6. David Flanagan, Still life # 5, 2019, Silver emulsion on glass (fish tank) POA

  7. David Flanagan, Souvenir, 2020, Silver emulsion on souvenir spoons NFS

  8. David Flanagan, Trees # 4, 2019, Silver emulsion on welded steel POA

  9. David Flanagan, Bonsai # 1, 2019, Silver emulsion on stone POA

  10. David Flanagan, Mary Ann Rusten 1812-1875, 2020, Silver emulsion on trowl POA

  11. David Flanagan, Sunflower, 2020, Silver emulsion on burnt timber POA

  12. David Flanagan, Rebecca Emma Collett 1847-1922, 2020, Silver emulsion on iron POA

  13. David Flanagan, Bonsai # 2, 2019, Silver emulsion on stone POA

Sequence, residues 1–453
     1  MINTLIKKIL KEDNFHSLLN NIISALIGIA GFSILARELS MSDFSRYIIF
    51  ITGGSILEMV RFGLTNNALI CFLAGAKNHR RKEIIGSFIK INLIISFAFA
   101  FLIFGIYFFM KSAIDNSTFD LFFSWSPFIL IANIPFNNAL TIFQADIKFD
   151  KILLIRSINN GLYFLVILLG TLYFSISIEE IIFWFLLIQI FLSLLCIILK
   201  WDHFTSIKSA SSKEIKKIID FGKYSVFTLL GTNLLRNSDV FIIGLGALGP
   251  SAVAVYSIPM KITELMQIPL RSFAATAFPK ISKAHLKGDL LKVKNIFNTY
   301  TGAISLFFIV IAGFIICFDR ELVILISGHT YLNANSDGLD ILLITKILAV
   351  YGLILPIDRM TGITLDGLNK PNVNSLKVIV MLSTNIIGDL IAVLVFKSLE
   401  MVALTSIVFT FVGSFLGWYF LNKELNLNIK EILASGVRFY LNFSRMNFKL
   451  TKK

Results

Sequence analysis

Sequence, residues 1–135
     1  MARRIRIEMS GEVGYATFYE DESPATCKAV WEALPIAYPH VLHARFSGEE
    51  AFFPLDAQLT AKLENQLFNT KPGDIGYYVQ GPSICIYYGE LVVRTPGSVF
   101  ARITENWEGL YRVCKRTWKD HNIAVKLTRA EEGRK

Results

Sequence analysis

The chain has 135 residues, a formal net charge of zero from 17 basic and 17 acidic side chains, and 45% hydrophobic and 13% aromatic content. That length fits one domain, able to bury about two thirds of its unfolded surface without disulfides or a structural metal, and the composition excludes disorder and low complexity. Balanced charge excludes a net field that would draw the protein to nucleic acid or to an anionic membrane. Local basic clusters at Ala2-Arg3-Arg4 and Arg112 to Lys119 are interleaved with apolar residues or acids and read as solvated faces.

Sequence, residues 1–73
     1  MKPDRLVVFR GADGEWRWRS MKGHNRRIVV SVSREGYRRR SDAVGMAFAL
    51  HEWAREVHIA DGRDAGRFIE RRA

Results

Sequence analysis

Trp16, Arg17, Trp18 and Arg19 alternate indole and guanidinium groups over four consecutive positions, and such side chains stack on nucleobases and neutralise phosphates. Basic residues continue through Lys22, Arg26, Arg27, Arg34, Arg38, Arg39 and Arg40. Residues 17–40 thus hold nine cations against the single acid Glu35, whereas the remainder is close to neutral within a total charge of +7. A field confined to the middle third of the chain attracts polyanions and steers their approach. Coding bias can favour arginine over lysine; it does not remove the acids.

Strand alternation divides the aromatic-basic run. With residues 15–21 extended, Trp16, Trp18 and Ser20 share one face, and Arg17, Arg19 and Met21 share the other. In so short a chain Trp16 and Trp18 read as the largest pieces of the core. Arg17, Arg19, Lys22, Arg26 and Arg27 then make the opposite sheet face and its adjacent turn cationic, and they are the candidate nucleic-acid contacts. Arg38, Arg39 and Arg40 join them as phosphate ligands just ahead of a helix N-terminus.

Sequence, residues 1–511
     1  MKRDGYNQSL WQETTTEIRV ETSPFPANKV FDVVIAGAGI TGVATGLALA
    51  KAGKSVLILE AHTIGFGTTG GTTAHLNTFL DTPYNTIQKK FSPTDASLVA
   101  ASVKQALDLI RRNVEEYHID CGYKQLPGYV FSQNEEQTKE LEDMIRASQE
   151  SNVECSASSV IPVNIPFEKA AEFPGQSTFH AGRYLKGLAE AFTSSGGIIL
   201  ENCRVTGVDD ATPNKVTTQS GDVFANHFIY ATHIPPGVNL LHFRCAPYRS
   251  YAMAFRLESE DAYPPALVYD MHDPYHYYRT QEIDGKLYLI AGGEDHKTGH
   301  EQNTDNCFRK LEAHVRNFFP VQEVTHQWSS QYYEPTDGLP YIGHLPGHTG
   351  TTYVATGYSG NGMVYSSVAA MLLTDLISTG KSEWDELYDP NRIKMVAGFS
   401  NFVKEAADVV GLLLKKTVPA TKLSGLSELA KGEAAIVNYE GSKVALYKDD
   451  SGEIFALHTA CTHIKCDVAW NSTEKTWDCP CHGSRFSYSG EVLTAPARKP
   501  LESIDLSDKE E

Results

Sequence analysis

14. David Flanagan, Still life # 4, 2019, Silver emulsion on glass (fish tank) NFS

  15. David Flanagan, Landscape # 1, 2019, Silver emulsion on nautilus shell NFS

  16. David Flanagan, Trees # 3, 2020, Silver emulsion on gum leaf NFS

  17. David Flanagan, Still life # 6, 2019, Silver emulsion on glass (fish tank) POA

  18. David Flanagan, Landscape # 2, 2019, Silver emulsion on pearl shell NFS

  19. David Flanagan, Landscapes # 6-10, 2020, Silver emulsion on resting hill roof tiles POA

  20. David Flanagan, Seascape, 2020, Silver emulsion on porthole mirror NFS

  21. David Flanagan, Olive and Rose, 2020, Silver emulsion on gum leaf NFS